Find out how the MBTI eased a Waitrose relocation

Waitrose is part of The John Lewis Partnership. With 300 branches nationwide, the supermarket is a household name in the UK. It was recognised in Verdict's Consumer Satisfaction Index 2013 as Best Food & Grocery Retailer for the eighth year in a row. It was also named Best Supermarket in the 2012 Which? supermarkets survey, for the fourth year running, and was awarded Best Supermarket in the Good Housekeeping Awards 2013.

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Waitrose was relocating one of its branches from a town centre (where it had been for the past 30 years) to an out-of-town site. Relocation does not happen very often in the company – refits and extensions have, historically, been the more usual forms of change. Also, the new site was two to three times the size of the existing branch, so the changes facing the workforce were considerable.

The Branch Manager had experienced relocations in the past, and was keen to support the process by building the kind of resilience, self-awareness and flexibility necessary to deal with the changes in store during the months ahead.

The Branch Manager was familiar with the MBTI® process, having attended Waitrose’s Business Applications of MBTI course. He was keen to explore how the management team could employ the instrument to enable them to work effectively together for a smooth transition to the new branch.

Alex Woodward from Waitrose’s L&D team was brought in to assist in preparing for the relocation. Together with the Branch Manager he reviewed the MBTI application tools available and decided to administer the MBTI Stress Management Report.

This tool was perfect for the job – specifically designed to help people build resilience, and with particular pertinence in times of change. Alex designed a 1-day MBTI event for the management team built around the report. The day started with a group feedback session using the MBTI Introduction to Type booklet, helping team members identify their best-fit type. They were then split into groups that reflected their dominant MBTI functions, and discussed ways in which they could face their own reactions to the situation and restore the balance by adopting approaches that create resilience.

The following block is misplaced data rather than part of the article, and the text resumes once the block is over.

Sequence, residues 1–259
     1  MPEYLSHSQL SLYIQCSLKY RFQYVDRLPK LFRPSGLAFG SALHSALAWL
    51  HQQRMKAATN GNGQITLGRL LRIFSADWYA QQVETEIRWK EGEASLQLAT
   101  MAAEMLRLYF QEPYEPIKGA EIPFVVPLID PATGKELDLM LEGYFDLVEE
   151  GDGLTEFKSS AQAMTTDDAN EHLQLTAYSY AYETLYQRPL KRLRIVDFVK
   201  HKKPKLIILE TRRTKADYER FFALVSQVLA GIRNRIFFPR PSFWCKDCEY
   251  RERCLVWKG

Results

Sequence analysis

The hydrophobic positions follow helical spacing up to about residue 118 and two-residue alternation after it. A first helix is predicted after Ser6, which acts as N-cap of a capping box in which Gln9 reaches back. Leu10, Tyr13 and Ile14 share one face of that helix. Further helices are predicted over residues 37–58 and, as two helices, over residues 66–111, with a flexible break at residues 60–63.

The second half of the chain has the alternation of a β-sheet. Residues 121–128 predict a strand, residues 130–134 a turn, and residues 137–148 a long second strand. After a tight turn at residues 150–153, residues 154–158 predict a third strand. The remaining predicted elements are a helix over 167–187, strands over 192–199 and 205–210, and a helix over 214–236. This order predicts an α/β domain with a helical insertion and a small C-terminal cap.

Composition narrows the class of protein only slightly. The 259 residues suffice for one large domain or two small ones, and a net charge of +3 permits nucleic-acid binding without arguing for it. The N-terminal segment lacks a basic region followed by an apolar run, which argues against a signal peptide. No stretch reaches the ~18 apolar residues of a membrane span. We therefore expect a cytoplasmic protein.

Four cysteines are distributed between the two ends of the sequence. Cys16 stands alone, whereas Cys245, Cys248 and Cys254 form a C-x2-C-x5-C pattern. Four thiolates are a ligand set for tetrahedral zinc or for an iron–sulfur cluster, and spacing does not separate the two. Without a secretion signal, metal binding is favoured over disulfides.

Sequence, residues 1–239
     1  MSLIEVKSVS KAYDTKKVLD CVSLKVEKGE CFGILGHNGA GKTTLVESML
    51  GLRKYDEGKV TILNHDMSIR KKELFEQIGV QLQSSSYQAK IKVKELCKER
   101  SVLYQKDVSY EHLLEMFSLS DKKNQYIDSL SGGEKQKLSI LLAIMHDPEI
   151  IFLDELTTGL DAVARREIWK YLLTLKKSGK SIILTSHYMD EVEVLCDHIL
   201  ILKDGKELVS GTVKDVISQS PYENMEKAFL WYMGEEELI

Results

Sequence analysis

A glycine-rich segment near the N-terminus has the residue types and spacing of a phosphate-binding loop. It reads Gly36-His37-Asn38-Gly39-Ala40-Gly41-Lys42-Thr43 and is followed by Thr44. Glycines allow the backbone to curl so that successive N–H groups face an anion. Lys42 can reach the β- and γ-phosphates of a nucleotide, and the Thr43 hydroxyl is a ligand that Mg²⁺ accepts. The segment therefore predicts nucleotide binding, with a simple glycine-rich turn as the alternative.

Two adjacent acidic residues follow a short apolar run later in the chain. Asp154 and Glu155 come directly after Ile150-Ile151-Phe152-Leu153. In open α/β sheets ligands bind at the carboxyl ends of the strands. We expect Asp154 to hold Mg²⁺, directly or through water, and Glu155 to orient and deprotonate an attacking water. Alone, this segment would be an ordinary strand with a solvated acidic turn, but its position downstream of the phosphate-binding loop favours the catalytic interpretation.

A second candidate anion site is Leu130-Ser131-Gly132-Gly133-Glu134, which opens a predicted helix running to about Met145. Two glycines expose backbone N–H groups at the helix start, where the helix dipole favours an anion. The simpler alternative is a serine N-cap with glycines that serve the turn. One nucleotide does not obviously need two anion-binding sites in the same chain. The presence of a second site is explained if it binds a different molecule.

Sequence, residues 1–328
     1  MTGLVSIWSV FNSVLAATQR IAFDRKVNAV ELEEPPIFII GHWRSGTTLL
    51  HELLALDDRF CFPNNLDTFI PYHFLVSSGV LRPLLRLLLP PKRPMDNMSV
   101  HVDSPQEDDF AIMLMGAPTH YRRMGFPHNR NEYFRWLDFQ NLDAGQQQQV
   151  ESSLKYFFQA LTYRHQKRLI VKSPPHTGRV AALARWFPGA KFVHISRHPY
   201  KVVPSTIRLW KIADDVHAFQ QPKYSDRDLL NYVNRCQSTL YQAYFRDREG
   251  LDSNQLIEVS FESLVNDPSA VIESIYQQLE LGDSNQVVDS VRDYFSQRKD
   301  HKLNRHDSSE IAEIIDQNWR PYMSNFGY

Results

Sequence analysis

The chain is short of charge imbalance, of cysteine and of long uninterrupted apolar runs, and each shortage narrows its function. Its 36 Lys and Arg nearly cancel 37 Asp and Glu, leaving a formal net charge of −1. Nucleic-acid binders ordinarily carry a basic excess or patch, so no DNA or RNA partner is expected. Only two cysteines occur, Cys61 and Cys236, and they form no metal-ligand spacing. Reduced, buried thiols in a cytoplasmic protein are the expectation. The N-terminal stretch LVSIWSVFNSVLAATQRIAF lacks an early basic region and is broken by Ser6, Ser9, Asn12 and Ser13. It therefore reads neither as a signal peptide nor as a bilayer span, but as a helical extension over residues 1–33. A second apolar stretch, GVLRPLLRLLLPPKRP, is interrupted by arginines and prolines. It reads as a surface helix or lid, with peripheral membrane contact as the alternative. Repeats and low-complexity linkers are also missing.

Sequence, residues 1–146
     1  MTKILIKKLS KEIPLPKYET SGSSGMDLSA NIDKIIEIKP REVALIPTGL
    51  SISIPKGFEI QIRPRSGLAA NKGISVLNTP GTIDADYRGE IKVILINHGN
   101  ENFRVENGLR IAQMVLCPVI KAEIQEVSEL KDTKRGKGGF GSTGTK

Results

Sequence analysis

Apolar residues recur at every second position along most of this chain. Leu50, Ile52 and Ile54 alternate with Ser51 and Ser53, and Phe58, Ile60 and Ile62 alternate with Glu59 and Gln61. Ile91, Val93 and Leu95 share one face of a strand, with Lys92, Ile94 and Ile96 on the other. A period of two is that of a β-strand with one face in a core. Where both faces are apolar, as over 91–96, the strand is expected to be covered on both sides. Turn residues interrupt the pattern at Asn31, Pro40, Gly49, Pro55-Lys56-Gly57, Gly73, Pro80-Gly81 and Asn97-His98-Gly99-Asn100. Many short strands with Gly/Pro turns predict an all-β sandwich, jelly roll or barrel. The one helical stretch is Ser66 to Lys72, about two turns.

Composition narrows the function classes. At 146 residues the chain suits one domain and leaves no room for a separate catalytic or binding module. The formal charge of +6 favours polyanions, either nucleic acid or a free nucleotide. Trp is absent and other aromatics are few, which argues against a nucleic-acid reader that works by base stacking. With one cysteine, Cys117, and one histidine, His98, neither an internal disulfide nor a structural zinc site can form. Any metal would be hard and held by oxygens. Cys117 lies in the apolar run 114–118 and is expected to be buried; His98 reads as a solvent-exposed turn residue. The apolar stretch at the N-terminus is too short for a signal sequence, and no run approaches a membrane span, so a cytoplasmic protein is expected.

The management team found it helpful to discover that their reactions to the relocation were shared with others of the same MBTI type. Individuals realised that it wasn’t just them reacting in a particular way – a very helpful insight.

The team were given time to reflect on their own MBTI reports. They then shared their reactions and needs, shifting self-awareness to wider group-awareness. The session showed how something that might offer the best practical support for one person could actually be stressful for another. This underlined the fact that the uninformed tendency is to give support from one’s own perspective, which is not always the type of support the other person needs.

Having the MBTI reports to refer to succeeded in depersonalising the feedback, enabling the team to participate in open and honest discussion about what did and didn’t work for them. It created a forum in which there were no barriers to participation.

The reports also provided a very useful snapshot of what was going on within the team at that moment in time, and how current approaches and reactions were helping or hindering their work.

By giving them a common language in which to discuss the issues, the MBTI reports helped the management team articulate their concerns and support colleagues and staff during the period of change. Different types have differing needs, and the report provided the know-how to turn this insight into positive action.

“I now understand why people behave in certain ways, that maybe frustrated me previously”, one of the delegates commented. “I can now appreciate why they behave in that way and what their needs are. This will enable me to adapt my approach when working with the rest of the management team.”

Overall, the MBTI reports enabled the management team to turn the relocation into a valuable development exercise. The insights they gained will be beneficial not just for managers, but for their own teams, as leaders bring their insights to bear on the wider organisation.

“The MBTI exercise we took part in prior to our relocation was invaluable in helping my team understand themselves and, just as importantly, each other”, commented the Branch Manager after the move to the new branch. “It also provided them with indicators of what to look out for in stressful times. All of my leaders commented on how accurate the reports were and how well they were brought to life by the facilitator. There is no doubt in my mind that the day spent with the MBTI really helped with our very successful relocation”.

All of my leaders commented on how accurate the reports were and how well they were brought to life by the facilitator. Without doubt, the day spent on MBTI really helped with our very successful relocation.

IntervieweeBranch Manager. Waitrose